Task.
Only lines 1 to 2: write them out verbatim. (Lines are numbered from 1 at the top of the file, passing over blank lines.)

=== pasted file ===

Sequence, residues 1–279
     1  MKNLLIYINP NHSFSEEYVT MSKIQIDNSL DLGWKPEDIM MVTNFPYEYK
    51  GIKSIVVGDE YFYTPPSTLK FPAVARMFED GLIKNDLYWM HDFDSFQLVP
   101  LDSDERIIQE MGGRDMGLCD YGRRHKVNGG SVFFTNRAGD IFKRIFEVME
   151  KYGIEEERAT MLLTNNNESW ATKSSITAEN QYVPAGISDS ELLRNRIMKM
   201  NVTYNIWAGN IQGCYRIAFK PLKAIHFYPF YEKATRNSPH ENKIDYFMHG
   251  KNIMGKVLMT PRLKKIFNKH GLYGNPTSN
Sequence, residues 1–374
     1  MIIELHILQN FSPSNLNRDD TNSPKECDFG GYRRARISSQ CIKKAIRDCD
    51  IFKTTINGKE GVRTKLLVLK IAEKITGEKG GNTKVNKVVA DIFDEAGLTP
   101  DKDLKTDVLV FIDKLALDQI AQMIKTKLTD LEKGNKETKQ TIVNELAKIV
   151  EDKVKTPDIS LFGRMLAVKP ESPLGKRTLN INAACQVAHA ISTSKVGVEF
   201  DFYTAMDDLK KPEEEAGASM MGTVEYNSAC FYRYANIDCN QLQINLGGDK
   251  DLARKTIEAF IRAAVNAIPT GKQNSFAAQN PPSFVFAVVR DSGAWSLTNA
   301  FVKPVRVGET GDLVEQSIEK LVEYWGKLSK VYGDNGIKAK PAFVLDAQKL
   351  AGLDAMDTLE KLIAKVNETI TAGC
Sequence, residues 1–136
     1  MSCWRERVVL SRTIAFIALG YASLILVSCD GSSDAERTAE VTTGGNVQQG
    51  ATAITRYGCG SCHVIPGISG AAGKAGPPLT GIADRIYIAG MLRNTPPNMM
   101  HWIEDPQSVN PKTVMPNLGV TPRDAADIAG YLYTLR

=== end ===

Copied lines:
Sequence, residues 1–279
     1  MKNLLIYINP NHSFSEEYVT MSKIQIDNSL DLGWKPEDIM MVTNFPYEYK